Scott Frank discussed his career and gave valuable insights into surviving as a screenwriter inside the Hollywood machine during his BAFTA Screenwriters’ Lecture.
On Monday 1 October, Scott Frank delivered the second in a series of BAFTA Screenwriters' Lectures in association with JJ Charitable Trust presented annually in partnership with BFI, now in its third year.
Listen to the Lecture:
BAFTA/ Steve ButlerScott Frank’s first solo screenwriting credit was the 1988 comedy Plain Clothes (a film Frank himself confesses “isn’t very good”) but it was during writing the screenplay for Kenneth Branagh’s 1991 thriller Dead Again that he says he really learned his craft. Frank cemented his growing reputation with a brace of Elmore Leonard adaptations – Get Shorty and Out of Sight – and has since gone on to pen films as diverse as Minority Report, The Lookout (which Frank also directed) and Marley & Me.
Frank began his candid, funny and informative lecture by explaining that when writing he finds it useful to follow a set of rules that he has laid out for himself. He confessed that they are a set of rules that may only work for him, whilst also noting that “rules are something to cling to when ideas fail.” His first and possibly most important rule was “why you decide to write something doesn’t matter, but how you do it is important.”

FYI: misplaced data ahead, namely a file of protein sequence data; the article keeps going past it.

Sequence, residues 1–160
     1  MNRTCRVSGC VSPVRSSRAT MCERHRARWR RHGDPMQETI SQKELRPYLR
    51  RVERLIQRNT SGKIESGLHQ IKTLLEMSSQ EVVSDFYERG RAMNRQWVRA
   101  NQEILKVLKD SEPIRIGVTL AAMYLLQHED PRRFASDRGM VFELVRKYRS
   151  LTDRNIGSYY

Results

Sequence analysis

Frank revealed that he was initially motivated to write Out of Sight because he wanted a bigger house but that it ultimately turned out to be “the single most enjoyable job of my career, and is perhaps the work that I’m the most proud of." He explained, "It’s okay to write something just for the money, and it’s also okay to write something just because you want to.”
Why you decide to write something doesn’t matter, but how you do it is important.
During his lecture Frank paid tribute to Frank Pierson’s Dog Day Afternoon screenplay, citing its opening scene as one of the greatest in cinema history and the reason that he places such a huge importance on the opening image and scene when writing a script. Other inspirations mentioned by Frank were his mentor Sidney Pollack (whom Frank worked with on The Interpreter) and the novelist Dashiell Hammett. “Reading, and subsequently re-typing Hammet’s Red Harvest taught me more about writing screenplays than anything else ever has,” said Frank.
BAFTA/ Steve ButlerOn the screenwriting process, Frank said: “The process is everything. In my experience if the process is bad the script is bad.” He explained that he preferred to arrive on a theme when writing a script because otherwise a script can feel built if you plan one ahead of time, and that the key was finding that instinctive thing in each scene that makes you as a writer want to write more. Frank later revealed that he found it impossible to write without knowing the ending, and that he only broke the final scene of Out of Sight after phoning the book’s author Elmore Leonard who luckily told him the story of an escaped convict which gave him a Eureka moment.
Modest to the last, Frank said he wasn’t necessarily sure that what he produced was art, but that “you have to at least aspire to produce art so that the process is imbued with that ambition.” And he had this advice for any budding screenwriters in the audience. “Write what you want to write. Don’t fight before you have to. Don’t give up before you begin."
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Download the Scott Frank Screenwriters' Lecture Transcript to read the lecture in full.